By Vic Zoschak
This week we welcome special guest Karen Zukor to our blog! Zukor is the senior conservator at Zukor Art Conservation. She’s been a professional paper conservator for more than thirty years and is a Fellow of the American Institute for Conservation. She’s been responsible for many collections, both public and private, trains both pre- and post-program interns, and offers lectures and workshops to the public. This week she was kind enough to sit down with us to discuss her career path, how conservation has evolved, and how rare book collectors can preserve and protect their collections.
Tav Books: You’ve been in conservation for over thirty years. How did you decide on this career?
Zukor: Initially I was teaching Art History on the East coast, but when I moved out to California in 1974 with my husband, I couldn’t find a teaching position. My interest in art & history also included a curiosity about materials and techniques, so conservation seemed like a good fit. However, I didn’t know really what it entailed or whether I’d have aptitude for it. So I apprenticed with two different conservators and took many courses in related fields. When those apprenticeships were over, I continued to work in the studio with the conservator who initially trained me; that was great because I always had a more senior person there to help me over rough spots. I opened my business four years after those apprenticeships began and worked out of his studio. Eventually, about two or three years later, I moved out on my own.
Tav Books: How have conservation techniques changed since you began your career?
Zukor: I would say that chemical research, particularly in paper conservation, has advanced quite a bit. We’ve gotten a lot more information about the processes that were in place for many decades and also potential treatments in the future. In some ways it’s been a subtractive rather than a cumulative process; long-term research has shown that many conservation techniques are simply not as successful as we’d like them to be–and in some ways can be detrimental. We know more, but we do less. The attitude has changed quite a bit.
Conservators these days are more conservative and practice more restraint. In this field, you’re always implementing some kind of intervention, no matter how subtle. But in the last 25 years, I’ve seen more conservators choose the most minimal treatment and opt for housing an object properly, to slow down the deterioration, rather than to reverse its damage. I think this is my approach, but we also do more full treatments. We have a great deal of experience, though! Right now about seventy percent of our projects are art on paper. The rest is archival material, manuscripts, maps, documents, and books.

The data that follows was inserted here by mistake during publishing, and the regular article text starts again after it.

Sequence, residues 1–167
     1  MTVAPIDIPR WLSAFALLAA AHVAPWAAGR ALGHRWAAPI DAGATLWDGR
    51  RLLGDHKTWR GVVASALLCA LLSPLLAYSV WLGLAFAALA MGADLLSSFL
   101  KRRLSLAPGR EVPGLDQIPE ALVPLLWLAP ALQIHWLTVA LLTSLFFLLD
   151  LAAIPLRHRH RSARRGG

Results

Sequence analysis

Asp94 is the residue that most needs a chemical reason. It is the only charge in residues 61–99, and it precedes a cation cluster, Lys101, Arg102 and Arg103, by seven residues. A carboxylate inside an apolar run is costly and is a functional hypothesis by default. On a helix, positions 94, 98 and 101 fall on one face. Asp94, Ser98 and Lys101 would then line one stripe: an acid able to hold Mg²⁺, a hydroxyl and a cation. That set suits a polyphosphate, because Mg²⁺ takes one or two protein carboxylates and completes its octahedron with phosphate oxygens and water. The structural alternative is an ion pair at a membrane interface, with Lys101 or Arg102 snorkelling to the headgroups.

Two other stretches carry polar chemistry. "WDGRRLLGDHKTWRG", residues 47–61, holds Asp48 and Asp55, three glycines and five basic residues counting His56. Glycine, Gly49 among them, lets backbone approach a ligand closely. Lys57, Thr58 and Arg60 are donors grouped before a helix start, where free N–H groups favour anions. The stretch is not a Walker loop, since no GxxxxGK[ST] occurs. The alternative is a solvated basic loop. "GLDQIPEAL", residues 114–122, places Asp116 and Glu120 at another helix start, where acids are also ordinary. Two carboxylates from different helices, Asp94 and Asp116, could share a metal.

Tav Books: Explain the differences among preservation, conservation, and restoration.
Zukor: Restoration usually involves removing as much of the damage as possible, returning the object to a condition that most closely resembles the way it looked when it was originally manufactured. When you conserve an item, you try to remove damage–ravages of time, stains and soil…but you acknowledge that the piece can really not be returned to its original appearance. The focus is instead on trying to stabilize the object both physically and chemically, while acknowledging that the object will continue to deteriorate. There’s less emphasis on cosmetic appearance.
Preservation is about finding the best long-term care and storage for an object, so that deterioration is minimal or at least slowed down as much as possible. When we preserve something, we often ask, “What kind of enclosure or package will give the most protection?” For a book, that would be a box–it keeps out light, dust, and should made out of good quality archival material.
The only times we do restoration is when we fill losses with paper that’s as close as possible to the original. If it’s not a terribly valuable object, we’ll draw in the missing image or tone the paper. For preservation we sometimes do enclosures, especially boxes, for clients so that we know the piece will be properly housed for long-term storage.
Tav Books: What are the most common issues you address?
Zukor: We work on a lot of prints, drawings, and watercolors, and the most common problem is that they come in having been mounted to a board of poor quality. So they were either at some point glued down to a rigid support (because people always seem to think the piece looks better flat). Unless those supports are really good quality, they’ll transfer their properties to whatever’s attached–if you mount something onto an acidic board, that acidity will migrate to the piece. And you also change the nature of the piece; that print attached to a board is no longer a print; it’s a board with an image on it.